“a conjoint reading of the provisions of the Assam Panchayat Act, 1994 i.e. Sections 19(1) (vi), 21 and 122, it would appear that directions for issuance of such certificate can come within the ambit of the jurisdiction of the authorities under the Act in which event the view taken by the High Court and the contentions advanced on behalf of the State that the said document is a ‘private document’ would be legally fragile”

DATE:- December 5, 2017

ACTS:- Section 6A of the Citizenship Act, 1955-Assam Panchayat Act, 1994 i.e. Sections 19(1) (vi), 21 and 122

SUPREME COURT OF INDIA

Rupajan Begum Vs. Union of India & Ors.

[Civil Appeal No.20858 of 2017 arising out of Special Leave Petition (Civil) No.13256 of 2017] [Civil Appeal No. 20862 of 2017 arising out of Special Leave Petition (Civil) No.13259 of 2017] [Civil Appeal No. 20859 of 2017 arising out of Special Leave Petition (Civil) No.13260 of 2017] [Civil Appeal No. 20861 of 2017 arising out of Special Leave Petition (Civil) No.13258 of 2017] [Civil Appeal No.20860 of 2017 arising out of Special Leave Petition (Civil) No.12647 of 2017] [Civil Appeal No.20863 of 2017 arising out of Special Leave Petition (Civil) No.13257 of 2017] [Civil Appeal No.20864 of 2017 arising out of Special Leave Petition (Civil) No.28935 of 2017]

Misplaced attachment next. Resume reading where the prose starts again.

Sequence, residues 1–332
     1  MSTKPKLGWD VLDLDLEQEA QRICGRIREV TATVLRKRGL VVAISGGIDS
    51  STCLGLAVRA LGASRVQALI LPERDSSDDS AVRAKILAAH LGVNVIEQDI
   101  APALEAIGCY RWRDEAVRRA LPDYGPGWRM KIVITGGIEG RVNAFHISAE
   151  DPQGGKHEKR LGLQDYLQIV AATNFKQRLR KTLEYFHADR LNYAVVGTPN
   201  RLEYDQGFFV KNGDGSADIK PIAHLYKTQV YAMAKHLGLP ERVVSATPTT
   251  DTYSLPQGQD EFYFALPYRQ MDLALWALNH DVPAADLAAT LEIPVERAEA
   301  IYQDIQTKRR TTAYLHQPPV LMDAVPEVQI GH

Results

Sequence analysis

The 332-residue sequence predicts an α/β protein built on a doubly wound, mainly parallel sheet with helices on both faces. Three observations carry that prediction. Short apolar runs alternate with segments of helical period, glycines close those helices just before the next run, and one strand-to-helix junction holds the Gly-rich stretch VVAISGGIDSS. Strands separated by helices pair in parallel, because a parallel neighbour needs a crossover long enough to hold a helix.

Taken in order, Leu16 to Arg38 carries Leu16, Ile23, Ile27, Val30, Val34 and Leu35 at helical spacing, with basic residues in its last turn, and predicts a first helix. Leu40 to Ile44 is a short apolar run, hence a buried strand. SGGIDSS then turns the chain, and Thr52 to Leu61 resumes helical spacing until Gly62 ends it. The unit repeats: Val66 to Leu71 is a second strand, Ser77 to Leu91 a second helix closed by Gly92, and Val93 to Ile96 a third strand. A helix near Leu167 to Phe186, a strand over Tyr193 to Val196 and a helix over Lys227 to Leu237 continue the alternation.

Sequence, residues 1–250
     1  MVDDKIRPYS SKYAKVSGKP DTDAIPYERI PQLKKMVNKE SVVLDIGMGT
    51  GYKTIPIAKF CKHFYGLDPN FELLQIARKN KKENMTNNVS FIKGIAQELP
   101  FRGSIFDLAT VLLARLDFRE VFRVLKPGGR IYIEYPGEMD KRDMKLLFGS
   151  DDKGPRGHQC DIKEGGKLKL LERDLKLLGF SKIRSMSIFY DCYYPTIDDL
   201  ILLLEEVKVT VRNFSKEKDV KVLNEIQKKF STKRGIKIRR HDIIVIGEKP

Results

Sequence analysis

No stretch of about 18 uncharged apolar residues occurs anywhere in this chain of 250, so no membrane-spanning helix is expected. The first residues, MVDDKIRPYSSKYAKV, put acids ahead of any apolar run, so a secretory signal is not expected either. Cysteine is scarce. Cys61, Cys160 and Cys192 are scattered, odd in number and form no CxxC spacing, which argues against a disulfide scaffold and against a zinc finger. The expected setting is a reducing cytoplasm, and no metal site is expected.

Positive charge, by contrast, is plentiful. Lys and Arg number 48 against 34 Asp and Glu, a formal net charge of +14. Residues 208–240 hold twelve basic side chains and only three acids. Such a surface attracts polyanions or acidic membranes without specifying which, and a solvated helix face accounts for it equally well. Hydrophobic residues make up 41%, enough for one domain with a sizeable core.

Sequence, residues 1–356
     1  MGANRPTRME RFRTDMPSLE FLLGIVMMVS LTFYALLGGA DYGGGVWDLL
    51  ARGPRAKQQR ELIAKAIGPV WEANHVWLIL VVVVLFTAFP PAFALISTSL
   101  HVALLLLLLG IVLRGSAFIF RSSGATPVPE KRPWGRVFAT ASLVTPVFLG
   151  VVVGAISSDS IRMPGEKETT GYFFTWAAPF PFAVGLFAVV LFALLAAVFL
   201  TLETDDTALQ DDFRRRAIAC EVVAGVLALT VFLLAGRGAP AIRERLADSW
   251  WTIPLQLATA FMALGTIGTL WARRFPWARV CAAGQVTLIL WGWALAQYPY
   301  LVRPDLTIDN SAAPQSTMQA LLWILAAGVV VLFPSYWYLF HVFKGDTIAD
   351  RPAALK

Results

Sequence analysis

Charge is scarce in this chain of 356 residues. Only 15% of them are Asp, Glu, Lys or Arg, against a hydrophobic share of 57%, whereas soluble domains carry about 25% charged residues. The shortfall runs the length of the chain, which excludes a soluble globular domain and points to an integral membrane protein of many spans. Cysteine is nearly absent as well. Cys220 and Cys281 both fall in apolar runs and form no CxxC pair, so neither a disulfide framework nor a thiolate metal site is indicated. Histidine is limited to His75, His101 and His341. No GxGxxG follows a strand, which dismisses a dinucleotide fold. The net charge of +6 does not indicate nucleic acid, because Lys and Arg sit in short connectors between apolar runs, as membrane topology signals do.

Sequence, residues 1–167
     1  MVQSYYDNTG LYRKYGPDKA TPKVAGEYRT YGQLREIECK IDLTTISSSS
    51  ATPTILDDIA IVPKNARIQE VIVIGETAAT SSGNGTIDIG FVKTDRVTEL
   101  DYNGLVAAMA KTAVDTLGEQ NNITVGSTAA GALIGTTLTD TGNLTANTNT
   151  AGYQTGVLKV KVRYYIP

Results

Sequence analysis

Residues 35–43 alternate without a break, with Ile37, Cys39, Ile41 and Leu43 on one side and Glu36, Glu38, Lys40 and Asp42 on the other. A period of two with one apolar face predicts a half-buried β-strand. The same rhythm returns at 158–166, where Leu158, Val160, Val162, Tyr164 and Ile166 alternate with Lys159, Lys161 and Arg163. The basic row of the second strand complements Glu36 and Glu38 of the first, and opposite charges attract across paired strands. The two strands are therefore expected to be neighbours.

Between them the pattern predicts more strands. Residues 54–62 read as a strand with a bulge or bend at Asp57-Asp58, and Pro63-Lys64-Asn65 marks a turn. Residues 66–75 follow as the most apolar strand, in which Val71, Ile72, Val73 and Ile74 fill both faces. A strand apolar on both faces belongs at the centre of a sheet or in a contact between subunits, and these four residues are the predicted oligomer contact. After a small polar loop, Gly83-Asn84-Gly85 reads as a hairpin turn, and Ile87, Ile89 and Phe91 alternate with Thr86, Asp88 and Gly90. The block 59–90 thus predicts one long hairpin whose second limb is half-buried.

[Special Leave Petition (Civil) No.16441 of 2017]

RANJAN GOGOI, J.

1. List the Special Leave Petition (Civil) No.16441 of 2017 separately. SPECIAL LEAVE PETITION (CIVIL) NOS.13256/2017, 13259/2017, 13260/2017, 13258/2017, 12647/2017, 13257/2017 AND 28935/2017

2. Leave granted in Special Leave Petition (Civil) Nos.13256/2017, 13259/2017, 13260/2017, 13258/2017, 12647/2017, 13257/2017 and 28935/2017.

3. The challenge in this group of appeals is to an order of the Gauhati High Court dated 28th February, 2017 by which document No.xiii (i.e. Certificate issued by the Secretary of the Village Panchayat and countersigned by the local revenue official in respect of females who have migrated to other villages after marriage or such certificates issued by jurisdictional circle officers in respect of urban areas) mentioned in the ‘illustrative list of documents admissible’ as a supporting document has been held by the High Court to be invalid in law and hence of no effect in the process of verification of claims for inclusion in the NRC.